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The Mirage of a Citizen Data Scientist


The term "citizen data scientist" has been irritating me recently. I explain why I think it both a bad term and a bad idea, and what we need instead.

The term "citizen data scientist" has been irritating me recently.

It started appearing in 2015 following Gartner research director Alexander Linden suggestion to cultivate
"citizen data scientists" - people on the business side that may have some data skills, possibly from a math or even social science degree-and putting them to work exploring and analyzing data.

This term was picked up by publications like TechRepublic and NGData which proclaim the rise of the citizen data scientist.

I dislike "citizen data scientist" for two reasons.

First, the word "citizen" has very misleading connotations, especially given the heated debate now in the US regarding immigration.

Having organized and attended many US conferences on data mining and data science, I observed that the majority of researchers and attendees are actually immigrants or visitors. Whether they have become US citizens like me, or are permanent residents, or visitors, has very little relation to the quality of their work.

Second, the term "citizen" Data Scientist implies that people without much training can do the work of a Data Scientist.

I think that in the era of Big Data, training is even more important than before.

The big demand for Data Science skills can be met by either training more people in Data Science, or by creating fully automated software, eg like one that works in a plane auto-pilot or in current self-driving cars.

What will not work is creating a partly automated software and expect people with little training or understanding of data to be able to use it in new situations. Imagine a combination of untrained pilot and an auto-pilot that works 90% of the time. The plane will fly fine for a while until an unpredictable situation will arise, and the autopilot will signal a problem and revert control to the untrained pilot. Bad things will happen. Similar logic is behind Google decision to remove a steering wheel from its self-driving cars - a driver who is relying on a car almost all the time is unlikely to react quickly and adequately in an emergency when the car cannot cope.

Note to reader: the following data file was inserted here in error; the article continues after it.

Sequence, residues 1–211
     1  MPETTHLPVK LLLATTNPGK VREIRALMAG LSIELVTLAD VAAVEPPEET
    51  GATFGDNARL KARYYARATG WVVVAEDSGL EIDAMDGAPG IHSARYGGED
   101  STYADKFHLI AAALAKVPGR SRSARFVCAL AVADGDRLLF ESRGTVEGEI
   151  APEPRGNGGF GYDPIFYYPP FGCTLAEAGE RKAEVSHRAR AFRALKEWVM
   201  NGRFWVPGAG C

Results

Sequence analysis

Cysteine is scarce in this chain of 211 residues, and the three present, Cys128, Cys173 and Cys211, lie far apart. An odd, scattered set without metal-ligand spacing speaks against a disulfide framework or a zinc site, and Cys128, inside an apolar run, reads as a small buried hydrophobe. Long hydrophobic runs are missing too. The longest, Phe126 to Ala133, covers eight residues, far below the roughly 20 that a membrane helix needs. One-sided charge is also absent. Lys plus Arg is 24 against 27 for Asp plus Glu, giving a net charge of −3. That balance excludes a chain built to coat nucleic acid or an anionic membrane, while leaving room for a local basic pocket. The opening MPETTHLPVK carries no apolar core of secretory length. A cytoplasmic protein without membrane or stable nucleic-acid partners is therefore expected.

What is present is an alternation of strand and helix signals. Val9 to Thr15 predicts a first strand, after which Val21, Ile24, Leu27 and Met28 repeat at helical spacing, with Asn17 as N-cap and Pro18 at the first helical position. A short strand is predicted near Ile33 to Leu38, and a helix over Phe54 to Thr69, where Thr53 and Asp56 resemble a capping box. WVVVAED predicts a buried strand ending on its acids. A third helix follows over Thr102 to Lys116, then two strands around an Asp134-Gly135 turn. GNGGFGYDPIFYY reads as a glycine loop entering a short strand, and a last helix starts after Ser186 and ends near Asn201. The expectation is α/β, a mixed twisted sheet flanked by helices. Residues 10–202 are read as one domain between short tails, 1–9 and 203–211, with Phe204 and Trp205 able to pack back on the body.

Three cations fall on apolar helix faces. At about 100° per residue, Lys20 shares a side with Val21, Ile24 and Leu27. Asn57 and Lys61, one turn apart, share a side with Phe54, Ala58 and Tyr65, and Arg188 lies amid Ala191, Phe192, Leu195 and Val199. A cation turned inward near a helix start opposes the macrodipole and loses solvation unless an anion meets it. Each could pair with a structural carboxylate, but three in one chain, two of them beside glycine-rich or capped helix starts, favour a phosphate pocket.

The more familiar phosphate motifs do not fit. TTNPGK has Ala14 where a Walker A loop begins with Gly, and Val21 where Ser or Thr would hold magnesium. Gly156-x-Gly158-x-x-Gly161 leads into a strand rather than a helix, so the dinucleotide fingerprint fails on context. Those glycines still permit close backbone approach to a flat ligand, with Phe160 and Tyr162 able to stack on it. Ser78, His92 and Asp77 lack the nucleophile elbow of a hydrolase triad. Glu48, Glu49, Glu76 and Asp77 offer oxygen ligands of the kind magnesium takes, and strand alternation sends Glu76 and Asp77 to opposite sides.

Google Car No Steering Wheel

We see examples of such Data Science crashes in frequent overfitting of data, especially in social sciences and medicine, with too many unreliable and irreproducible results. These flaws were reported by John P. A. Ioannidis in his landmark paper Why Most Published Research Findings Are False (PLoS Medicine, 2005).

"Citizen" Data Scientists are likely to be misled by false correlations in data. We can recognize the problem in this example below, but what if the field names mean nothing to us?

Age of Miss America correlates to Murders by Steam, hot vapours, and hot objects.

Miss America Overfitting

Here are a couple examples from my experience. KDnuggets has recently tested IBM Watson Analytics for social media analysis, which is one of the semi-automated tools that is supposed to be suitable for "citizen" Data Scientist.

We applied IBM Watson to KDnuggets Twitter data from January and one of the key findings was that there was a much higher engagement on Thursdays.

The data was convincing enough, however when I checked the February data, Thursday was no longer the most engaging day for tweets. When I digged deeper, I found that January results were due to one particularly popular tweet. However, someone without understanding Twitter would have reached the conclusion that Thursday is always the best day for tweeting.

Another example from my practice deals with analyzing cerebrospinal fluid for biomarkers of early Alzheimer disease. I worked on this as a Data Science consultant for a very respectable bionformatics firm. The study had about 100 patients diagnosed with early Alzheimer and an equal number of healthy controls. My first results from Mass Spectrometry data analysis were amazing. We found 13 perfect biomarkers that separated Alzheimer from controls with 100% accuracy. Some of them were even biologically plausible - controls had a higher level of vitamin C, and for a while my friends whom I told about the preliminary results started to take extra vitamin C. However, as experienced data scientist, I did not trust the the results - they looked too good to be true. Perhaps the samples were contaminated at some point in the process. So we had to get another data set from different patients, and alas, the biomarkers in the second set had little correlation to the first set.

In the age of Big Data, it is very easy to find spurious correlations and come to wrong conclusions - not tragic when dealing with Twitter, but critical in many other areas of our increasingly data-driven society. Of course, many types of analysis don't require Ph.D. level Data Scientist, and can be done by more junior people with less training.

But such people are not "citizen" Data Scientists. Such people need to combine domain knowledge and sufficient Data Science/Statistical training, possibly with certification.

There is already a good title for such a job - Data Analyst.